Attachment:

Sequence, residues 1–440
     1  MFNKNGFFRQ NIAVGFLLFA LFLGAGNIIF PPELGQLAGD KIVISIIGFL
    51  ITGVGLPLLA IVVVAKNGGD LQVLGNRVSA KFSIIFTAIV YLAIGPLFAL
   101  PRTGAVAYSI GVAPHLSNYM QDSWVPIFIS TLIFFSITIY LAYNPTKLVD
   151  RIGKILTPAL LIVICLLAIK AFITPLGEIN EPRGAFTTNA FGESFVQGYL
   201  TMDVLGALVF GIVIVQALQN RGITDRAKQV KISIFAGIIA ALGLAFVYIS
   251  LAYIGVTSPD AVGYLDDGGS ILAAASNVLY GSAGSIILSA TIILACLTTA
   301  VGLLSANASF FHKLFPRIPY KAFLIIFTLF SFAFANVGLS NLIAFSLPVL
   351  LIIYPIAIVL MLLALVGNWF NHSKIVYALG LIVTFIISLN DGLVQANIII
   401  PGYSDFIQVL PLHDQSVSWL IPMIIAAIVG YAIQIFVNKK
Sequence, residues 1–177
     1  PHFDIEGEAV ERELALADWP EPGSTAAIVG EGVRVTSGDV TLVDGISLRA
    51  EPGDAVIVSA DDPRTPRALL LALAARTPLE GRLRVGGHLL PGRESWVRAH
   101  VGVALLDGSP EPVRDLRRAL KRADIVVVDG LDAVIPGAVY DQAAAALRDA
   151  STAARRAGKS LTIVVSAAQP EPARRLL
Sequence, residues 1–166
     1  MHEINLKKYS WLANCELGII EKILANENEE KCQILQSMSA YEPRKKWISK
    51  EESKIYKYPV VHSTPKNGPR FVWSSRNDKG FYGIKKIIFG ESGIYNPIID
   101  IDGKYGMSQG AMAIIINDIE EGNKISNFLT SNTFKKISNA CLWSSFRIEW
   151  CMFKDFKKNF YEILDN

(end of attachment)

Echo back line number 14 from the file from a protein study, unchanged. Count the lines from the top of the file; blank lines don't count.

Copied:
   101  VGVALLDGSP EPVRDLRRAL KRADIVVVDG LDAVIPGAVY DQAAAALRDA